This paper belongs to Thematic Session 1 of the Gothenburg Meeting Science Symposium
Martin Duffy, Dublin Institute of Technology (College of Business)
An ethnographic approach was used to record the live proceedings of 63 meetings, and informed theory development on the agency of meetings collectively in an organizational setting (Duffy, 2016). Engagement as a participant observer (Pacanowsky, 1988) in a single organization, over an eighteen month period, enabled collection of discourse data from the meetings of distinct organizational groups. While meetings were originally intended as a research resource, reflection while recording the data occasioned a change in focus, moving from the meetings’ content to the meetings themselves as the research topic. This paper reflects on the methodological considerations and challenges that arose from the change in research topic. Abductive, inductive and deductive approaches to theory development were cycled through iteratively, to develop a new perspective on organizational meetings as systemic process.
Initially informed by systems and process thinking, an abductive approach envisaged how meetings might be considered as an integrated phenomenon, exercising agency collectively within the organization. This level of analysis, taking place while data were being collected, highlighted inter-meeting connections, contextual influences between meetings and their surrounding organisation, temporal considerations associated with meetings collectively and the role of meetings collectively in longitudenal organizational outcomes.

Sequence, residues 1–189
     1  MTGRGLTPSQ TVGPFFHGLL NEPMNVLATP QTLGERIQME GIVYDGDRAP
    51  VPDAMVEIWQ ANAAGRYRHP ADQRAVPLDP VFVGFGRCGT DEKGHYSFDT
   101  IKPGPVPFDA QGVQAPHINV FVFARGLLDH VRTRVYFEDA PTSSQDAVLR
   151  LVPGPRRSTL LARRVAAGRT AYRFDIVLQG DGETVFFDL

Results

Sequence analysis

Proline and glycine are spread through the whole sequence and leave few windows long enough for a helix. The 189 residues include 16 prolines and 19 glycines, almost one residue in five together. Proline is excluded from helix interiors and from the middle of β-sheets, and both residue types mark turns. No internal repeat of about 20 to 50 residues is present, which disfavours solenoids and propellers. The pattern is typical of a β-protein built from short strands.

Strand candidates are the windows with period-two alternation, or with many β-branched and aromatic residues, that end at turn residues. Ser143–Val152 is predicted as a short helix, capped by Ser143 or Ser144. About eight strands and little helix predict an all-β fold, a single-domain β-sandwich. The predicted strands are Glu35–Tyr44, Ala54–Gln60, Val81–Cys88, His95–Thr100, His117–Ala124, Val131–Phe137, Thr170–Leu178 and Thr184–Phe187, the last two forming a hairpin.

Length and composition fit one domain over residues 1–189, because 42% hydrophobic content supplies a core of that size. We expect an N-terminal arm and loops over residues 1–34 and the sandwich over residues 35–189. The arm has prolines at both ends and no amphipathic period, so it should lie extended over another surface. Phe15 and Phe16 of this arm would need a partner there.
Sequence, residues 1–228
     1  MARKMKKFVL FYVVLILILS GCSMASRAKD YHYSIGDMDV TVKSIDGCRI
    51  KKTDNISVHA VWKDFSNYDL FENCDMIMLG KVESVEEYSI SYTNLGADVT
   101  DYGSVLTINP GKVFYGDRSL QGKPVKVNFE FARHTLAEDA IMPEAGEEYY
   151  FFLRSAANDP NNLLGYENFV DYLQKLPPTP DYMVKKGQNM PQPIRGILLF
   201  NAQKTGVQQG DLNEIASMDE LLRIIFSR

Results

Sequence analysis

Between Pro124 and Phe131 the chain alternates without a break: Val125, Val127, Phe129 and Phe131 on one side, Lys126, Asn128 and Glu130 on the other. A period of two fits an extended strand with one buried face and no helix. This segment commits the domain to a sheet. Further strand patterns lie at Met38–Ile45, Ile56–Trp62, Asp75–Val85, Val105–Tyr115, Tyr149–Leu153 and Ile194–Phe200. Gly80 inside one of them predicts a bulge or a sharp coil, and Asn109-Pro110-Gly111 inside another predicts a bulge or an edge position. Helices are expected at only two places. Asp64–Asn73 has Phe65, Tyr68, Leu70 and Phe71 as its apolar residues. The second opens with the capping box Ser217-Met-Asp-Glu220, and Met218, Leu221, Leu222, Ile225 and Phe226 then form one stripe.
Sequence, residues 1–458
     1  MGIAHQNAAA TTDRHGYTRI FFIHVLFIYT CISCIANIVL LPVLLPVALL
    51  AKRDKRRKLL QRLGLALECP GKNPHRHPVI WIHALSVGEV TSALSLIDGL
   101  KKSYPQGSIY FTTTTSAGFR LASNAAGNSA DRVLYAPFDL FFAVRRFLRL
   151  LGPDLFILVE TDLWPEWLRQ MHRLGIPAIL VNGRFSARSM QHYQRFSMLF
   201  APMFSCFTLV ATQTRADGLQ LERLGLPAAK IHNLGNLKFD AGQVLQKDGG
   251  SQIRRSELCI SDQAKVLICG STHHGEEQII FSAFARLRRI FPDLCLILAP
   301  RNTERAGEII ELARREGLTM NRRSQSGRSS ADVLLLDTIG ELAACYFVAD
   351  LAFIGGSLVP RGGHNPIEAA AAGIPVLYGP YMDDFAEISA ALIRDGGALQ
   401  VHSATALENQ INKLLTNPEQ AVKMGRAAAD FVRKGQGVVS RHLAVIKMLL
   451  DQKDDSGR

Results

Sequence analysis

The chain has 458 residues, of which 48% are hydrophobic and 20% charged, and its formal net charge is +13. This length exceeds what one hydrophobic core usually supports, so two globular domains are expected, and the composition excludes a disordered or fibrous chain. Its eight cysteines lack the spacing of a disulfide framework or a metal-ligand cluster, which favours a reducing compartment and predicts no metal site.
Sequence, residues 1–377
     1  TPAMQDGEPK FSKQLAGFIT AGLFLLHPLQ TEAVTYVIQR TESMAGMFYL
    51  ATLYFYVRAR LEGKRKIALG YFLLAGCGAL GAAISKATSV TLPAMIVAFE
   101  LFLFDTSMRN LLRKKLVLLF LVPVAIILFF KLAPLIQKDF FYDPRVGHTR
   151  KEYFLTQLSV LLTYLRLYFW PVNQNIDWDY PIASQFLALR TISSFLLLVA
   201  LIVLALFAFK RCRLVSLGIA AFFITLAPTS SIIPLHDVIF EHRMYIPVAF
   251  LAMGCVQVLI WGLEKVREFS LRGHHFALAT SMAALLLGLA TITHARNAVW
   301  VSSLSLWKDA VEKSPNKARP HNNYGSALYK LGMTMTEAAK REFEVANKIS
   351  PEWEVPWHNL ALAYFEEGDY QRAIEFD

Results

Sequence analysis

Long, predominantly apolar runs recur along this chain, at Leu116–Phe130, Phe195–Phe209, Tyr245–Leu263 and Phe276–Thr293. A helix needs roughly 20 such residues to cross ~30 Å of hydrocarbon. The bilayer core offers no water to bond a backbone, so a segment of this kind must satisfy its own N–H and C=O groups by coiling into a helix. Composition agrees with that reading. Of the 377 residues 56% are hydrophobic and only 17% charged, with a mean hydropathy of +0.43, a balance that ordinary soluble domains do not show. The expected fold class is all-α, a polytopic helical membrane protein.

A more detailed bifocal approach to the data analysis initially adopted a ‘zoomed-out’ perspective (Nicolini, 2009), using sensemaking (Weick, 1995) to focus the analysis from a combined systemic and process perspective. Patterns of interaction and connectivity between meetings were then examined in more detail through a ‘zoomed-in’ analysis (Nicolini, 2009), to explore the nature, significance and contribution of the connectivity between meetings.
The Communicative Constitution of Organization (CCO) (Schoeneborn et al., 2014) provided a detailed theoretical lens through which the zoomed-in analysis was conducted. McPhee and Zaug’s (2000) four flows model was augmented with immutable mobiles (Cooren, Matte, Taylor, & Vasquez, 2007) and ventriloquism (Cooren, 2012) as concepts from the Montreal school of CCO, and autopoiesis (Luhmann, 2006a) and decision paradox (Luhmann, 2006b) concepts drawn from the Luhmannian school of CCO.
Discourse Analysis (Alvesson & Karreman, 2000; Phillips & Hardy, 2002; Potter & Wetherell, 1987) provided a consistent approach for data analysis at both the ‘zoomed-out’ and ‘zoomed-in’ levels. Cycling between these two levels reflected a “kind of iterative/dialectical process” (Conrad, 2004, p. 435) that made both perspectives mutually informative, leading to the development of the Meetings as Systemic Process framework (Duffy, 2016). MaSP is a conceptual tool for considering meetings collectively as an organizational resource displaying features of collective agency. A deductive approach was finally used in the research to consider the implications of adopting the MaSP framework in the practice of organizational meetings.
Martin Duffy and Brendan O’Rourke
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